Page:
Photo of Paul DonnellyPaul Donnelly (Dublin West, Sinn Fein)
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I note a couple of things in the Minister of State's statement, particularly with regard to the decision-making process. It is stated very clearly that this is a group of independent bodies that acted jointly and came out with exactly the same strategy at exactly the same time. There was obviously very significant co-ordination on this matter between the board and those independent bodies. It is extremely unfortunate that all of this was done without the input of the volunteers.

There is no doubt that Covid has changed much of the way we operate but, as a volunteer and someone who works in the community, I am noticing that people want to engage with people face to face. That is really important. While we support the new digital way of working, it is really important that we retain that face-to-face contact.

I welcome that there is going to be a review and that it is to include external and internal stakeholders, including current and past volunteers. I hope it is an acknowledgement that a mistake was made in the first instance and that, if such a massive change is to be embarked upon, it is critically important that the people who matter, the staff, volunteers and people who use the service, are all engaged with before any major decisions are made.

I welcome the fact that the board of the CIB is talking about the highest quality of service, whether provided in person or by phone, but I hope that is not meant to imply that the service being provided previously was not up to professional standards because all of the people who have engaged with the service over the years have found it extremely professional and well run.

Photo of Anne RabbitteAnne Rabbitte (Galway East, Fianna Fail)
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I will start where the Deputy finished. Citizens information centres are a trusted source of information, advice and advocacy with a long tradition of volunteering. The Minister fully supports the continued valuing of the role of volunteers in CIS companies. The strong view of the Minister, Deputy Humphreys, which I share, is that the important service provided by citizens information centres should continue to be available to the public when they need it. This is particularly true given the current cost-of-living crisis and the challenges facing people across the country. As I mentioned earlier, the Minister recently met with the CEO and chairperson of the CIB and sought further information on the issue of volunteers in CIS companies. The board is fully engaged with these companies to support the continued return of volunteers. The CIB has commissioned an independent review of the volunteer programme in the service and has indicated that citizens information companies will not make any decisions on office locations before the findings of the independent review are considered. This is very much welcomed.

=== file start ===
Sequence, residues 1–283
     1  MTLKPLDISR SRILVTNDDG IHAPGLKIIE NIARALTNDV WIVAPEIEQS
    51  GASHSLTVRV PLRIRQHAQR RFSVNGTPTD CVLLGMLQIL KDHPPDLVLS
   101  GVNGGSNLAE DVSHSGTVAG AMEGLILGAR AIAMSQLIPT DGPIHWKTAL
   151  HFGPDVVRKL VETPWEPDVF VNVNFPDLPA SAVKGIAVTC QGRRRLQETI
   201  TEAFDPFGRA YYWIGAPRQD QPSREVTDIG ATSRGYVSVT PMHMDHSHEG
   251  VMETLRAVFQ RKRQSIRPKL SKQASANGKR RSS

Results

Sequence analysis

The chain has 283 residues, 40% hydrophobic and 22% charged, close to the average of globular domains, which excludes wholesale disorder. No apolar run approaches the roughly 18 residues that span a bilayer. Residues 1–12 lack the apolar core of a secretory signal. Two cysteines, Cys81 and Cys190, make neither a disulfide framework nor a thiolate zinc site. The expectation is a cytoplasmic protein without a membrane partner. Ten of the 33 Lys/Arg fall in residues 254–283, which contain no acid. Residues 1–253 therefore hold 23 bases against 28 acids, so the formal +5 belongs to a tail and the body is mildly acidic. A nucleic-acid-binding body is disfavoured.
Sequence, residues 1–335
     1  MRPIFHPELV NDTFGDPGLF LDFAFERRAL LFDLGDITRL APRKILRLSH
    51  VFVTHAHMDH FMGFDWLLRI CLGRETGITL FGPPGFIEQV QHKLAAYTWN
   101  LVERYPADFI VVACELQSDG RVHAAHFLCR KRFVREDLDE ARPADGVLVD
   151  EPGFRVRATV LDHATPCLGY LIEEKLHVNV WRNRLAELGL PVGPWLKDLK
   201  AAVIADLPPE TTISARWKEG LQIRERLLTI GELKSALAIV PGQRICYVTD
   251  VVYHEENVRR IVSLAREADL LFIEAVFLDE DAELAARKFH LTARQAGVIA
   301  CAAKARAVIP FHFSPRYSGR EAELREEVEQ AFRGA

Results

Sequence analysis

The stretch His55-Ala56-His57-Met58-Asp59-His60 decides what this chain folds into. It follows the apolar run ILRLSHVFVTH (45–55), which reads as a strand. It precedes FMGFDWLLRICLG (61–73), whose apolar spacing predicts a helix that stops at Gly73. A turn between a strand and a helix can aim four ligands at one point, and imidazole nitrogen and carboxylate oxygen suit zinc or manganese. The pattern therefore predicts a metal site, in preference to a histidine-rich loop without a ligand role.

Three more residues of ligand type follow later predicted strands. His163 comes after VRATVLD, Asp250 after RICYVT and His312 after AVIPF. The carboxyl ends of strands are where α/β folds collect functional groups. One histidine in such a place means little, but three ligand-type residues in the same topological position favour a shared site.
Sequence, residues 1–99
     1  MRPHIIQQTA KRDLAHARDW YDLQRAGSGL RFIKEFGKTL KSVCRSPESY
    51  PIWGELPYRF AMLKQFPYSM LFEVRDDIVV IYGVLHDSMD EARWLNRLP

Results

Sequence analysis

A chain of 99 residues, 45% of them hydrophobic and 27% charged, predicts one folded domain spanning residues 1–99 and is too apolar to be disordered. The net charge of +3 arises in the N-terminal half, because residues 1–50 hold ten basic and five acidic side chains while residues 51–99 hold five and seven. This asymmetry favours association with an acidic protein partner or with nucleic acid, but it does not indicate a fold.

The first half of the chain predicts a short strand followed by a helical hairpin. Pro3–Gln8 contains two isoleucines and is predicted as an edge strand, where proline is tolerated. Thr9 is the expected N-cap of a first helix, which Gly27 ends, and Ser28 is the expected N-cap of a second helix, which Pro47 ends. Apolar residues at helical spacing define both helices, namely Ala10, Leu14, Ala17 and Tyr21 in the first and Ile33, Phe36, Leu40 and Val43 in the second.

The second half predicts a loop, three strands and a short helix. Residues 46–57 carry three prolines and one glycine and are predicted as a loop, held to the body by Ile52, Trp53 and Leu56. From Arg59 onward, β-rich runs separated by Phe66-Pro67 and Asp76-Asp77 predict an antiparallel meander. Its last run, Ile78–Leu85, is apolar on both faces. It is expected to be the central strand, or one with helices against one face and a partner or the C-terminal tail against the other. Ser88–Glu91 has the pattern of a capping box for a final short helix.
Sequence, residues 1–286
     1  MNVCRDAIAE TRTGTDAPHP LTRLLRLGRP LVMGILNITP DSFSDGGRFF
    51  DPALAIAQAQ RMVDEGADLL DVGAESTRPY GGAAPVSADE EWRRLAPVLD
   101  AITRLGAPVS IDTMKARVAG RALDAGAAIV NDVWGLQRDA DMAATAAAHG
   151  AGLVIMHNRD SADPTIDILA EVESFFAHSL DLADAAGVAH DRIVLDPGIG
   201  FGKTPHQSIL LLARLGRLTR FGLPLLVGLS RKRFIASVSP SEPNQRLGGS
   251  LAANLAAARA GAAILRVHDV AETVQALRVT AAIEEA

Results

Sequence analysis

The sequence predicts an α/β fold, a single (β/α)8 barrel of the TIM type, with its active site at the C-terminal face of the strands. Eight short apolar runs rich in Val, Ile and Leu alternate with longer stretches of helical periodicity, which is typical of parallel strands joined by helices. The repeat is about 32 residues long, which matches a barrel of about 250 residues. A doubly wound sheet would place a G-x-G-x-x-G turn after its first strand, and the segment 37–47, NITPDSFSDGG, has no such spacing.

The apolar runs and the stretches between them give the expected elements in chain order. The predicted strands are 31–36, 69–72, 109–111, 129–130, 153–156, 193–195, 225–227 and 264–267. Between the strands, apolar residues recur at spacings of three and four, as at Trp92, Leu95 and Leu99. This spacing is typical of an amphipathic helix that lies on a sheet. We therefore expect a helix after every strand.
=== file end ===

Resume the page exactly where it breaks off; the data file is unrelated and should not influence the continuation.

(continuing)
If the Acting Chair will indulge me for 30 seconds, I will leave the script. I come in here often to read answers on Topical Issue matters. To be very fair to the Minister, Deputy Humphreys, and her Department, this is one of the most comprehensive answers I have ever had to give to a Deputy across the House. There is action from the Minister and from within the Department. The answer includes a plan and it addresses every one of the issues the Deputy and the people who have come to him have highlighted. I can see a pathway towards all of this being resolved.